Can I challenge my Extradition?
Most people arrested on an extradition warrant understandably want to fight their extradition. However, there are only a limited number of challenges that can be raised to a valid extradition warrant. If it is a European Arrest Warrant (EAW), the District Judge hearing the case does not look at the evidence against you in the country asking for your return. They are not concerned with whether you are guilty of the offence or not. They are simply dealing with a request for you to be extradited to be dealt with under the law and procedure in the requesting country.
The passage of time
There are 10 ‘bars’ to extradition in the extradition act. The most commonly used of these (apart from Human Rights issues) is the passage of time, where a person argues that because of the amount of time that has passed since the offence it would be ‘unjust’ or ‘oppressive’ to extradite them. Although it is common for long periods of time to pass between the offence and a person’s arrest, most people are not able to use this as a reason to oppose their extradition. If a person knows about the case but decides to leave the country and this causes the delay, they cannot say that the amount of time that has passed means they should not be extradited.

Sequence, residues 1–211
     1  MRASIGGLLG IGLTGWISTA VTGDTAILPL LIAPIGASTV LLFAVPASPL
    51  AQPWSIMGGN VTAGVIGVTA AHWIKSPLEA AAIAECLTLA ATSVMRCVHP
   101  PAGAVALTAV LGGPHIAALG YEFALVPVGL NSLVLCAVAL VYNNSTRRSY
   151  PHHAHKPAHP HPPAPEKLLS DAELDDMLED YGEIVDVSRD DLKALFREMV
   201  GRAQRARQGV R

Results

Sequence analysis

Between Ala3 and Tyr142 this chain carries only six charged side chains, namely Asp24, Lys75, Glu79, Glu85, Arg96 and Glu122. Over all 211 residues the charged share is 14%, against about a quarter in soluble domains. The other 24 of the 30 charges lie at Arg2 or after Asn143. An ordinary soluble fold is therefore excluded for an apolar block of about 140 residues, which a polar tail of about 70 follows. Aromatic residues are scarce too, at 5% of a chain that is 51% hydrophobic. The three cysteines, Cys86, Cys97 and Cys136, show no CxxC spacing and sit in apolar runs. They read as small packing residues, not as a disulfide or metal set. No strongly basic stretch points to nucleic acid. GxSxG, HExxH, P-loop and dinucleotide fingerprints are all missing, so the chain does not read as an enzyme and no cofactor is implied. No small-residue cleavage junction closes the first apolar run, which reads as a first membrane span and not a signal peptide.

The forum bar
One bar to extradition that is rarely used at the moment but is likely to become more common is the ‘forum’ bar. That can be used when a lot of the criminal activity is said to have happened in the UK and it is in the interests of justice that the person should not be extradited. The effect of extradition being barred in this way is likely to be prosecution in this country, but there are many reasons why someone might want to be dealt with here, rather than in another country.
Please contact us on 0207 388 1658, or email firstname.lastname@example.org if you wish to discuss your extradition matter with us further, or to find out whether you would be eligible for legal aid for extradition matters. We have a dedicated team of lawyers specialising in extradition who are here to help you.
John Howey, Senior Solicitor
Please note that the information contained in this article was correct at the time of writing. There may have been updates to the law since the article was written, which may affect the information and advice given therein.